Paradise Regain'd: A Poem, in Four Books. To which is Added Samson Agonistes: and Poems Upon Several Occasions, with a Tractate of Education. The Author John Milton
J. and R. Tonson and S. Draper; and for T. and T. Longman, S. Birt, C. Hitch and L. Hawes, R. Ware [and 4 others in London], 1753 - 350 pages
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aftra againſt agni Amor Atque befides beft beſt cauſe CHOR choro Dagon darkneſs doft domino jam domum impafti doth earth etiam eyes fafe faid fair falfe fame fave feaſt fecret feek feem fent fhades fhall fhame fhould fibi fide fing firft firſt foes folemn fome fong fonos foon forrow foul fræna ftill ftream ftrength fuch fure fweet glory Hæc hath Heav'n himſelf honor houſe Ifrael illa ille ipfe jam non vacat juft juſt Lady laft laſt lefs loft Lord Ludlow town Lycidas malè mihi moſt muſt night numina nunc o'er Olympo PARADISE REGAIN'D pleaſure pow'r praiſe prefent PSAL quà quæ quid quoque reft rife Samfon SAMS ſhall ſtate ſtill ſtood tamen thee thefe theſe thine thofe thoſe thou art thyfelf tibi Tu quoque ulmo urbe virtue whofe worfe
Page 214 - The air was calm, and on the level brine Sleek Panope with all her sisters played. It was that fatal and perfidious bark, Built in the eclipse, and rigged with curses dark, That sunk so low that sacred head of thine.
Page 216 - And hears the unexpressive nuptial song In the blest kingdoms meek of joy and love. There entertain him all the saints above In solemn troops, and sweet societies, That sing, and singing, in their glory move, And wipe the tears for ever from his eyes. Now, Lycidas, the shepherds weep no more ; Henceforth thou art the Genius of the shore In thy large recompense, and shalt be good To all that wander in that perilous flood.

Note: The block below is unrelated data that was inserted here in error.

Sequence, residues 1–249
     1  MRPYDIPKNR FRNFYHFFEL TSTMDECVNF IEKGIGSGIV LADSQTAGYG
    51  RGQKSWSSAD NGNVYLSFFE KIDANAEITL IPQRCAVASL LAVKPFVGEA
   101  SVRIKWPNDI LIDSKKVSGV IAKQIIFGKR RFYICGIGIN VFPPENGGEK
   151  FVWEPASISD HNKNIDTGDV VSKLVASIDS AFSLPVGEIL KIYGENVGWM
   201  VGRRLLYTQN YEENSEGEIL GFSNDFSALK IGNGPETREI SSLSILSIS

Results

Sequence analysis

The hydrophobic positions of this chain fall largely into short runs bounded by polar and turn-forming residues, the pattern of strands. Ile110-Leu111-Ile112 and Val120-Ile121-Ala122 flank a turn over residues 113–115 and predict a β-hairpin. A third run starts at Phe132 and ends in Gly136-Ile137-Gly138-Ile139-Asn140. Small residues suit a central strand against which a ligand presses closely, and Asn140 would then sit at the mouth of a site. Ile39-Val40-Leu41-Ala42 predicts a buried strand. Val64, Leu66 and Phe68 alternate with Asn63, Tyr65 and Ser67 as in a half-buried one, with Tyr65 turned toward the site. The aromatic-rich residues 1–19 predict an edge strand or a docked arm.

Page 162 - Sometimes with secure delight The upland hamlets will invite, When the merry bells ring round, And the jocund rebecks...
Page 213 - And all their echoes, mourn. The Willows, and the Hazel Copses green, Shall now no more be seen, Fanning their joyous Leaves to thy soft lays. As killing as the Canker to the Rose...
Page 327 - ... the knowledge and the use of which cannot but be a great furtherance both to the enlargement of truth, and honest living with much more peace.
Page 143 - Pollute with sinful blame, The saintly veil of maiden white to throw; Confounded, that her Maker's eyes Should look so near upon her foul deformities.
Page 329 - The end, then, of learning is to repair the ruins of our first parents by regaining to know God aright and out of that knowledge to love him, to imitate him, to be like him as we may the nearest by possessing our souls of true virtue, which being united to the heavenly grace of faith makes up the highest perfection.
Page 213 - Fame is the spur that the clear spirit doth raise (That last infirmity of noble mind) To scorn delights, and live laborious days : But the fair guerdon when we hope to find, And think to burst out into sudden blaze, Comes the blind Fury with the abhorred shears And slits the thin-spun life. But not the praise...
Page 152 - FLY, envious Time, till thou run out thy race ; Call on the lazy leaden-stepping hours, Whose speed is but the heavy plummet's pace ; And glut thyself with what thy womb devours, Which is no more than what is false and vain, And merely mortal dross ; So little is our loss, So little is thy gain.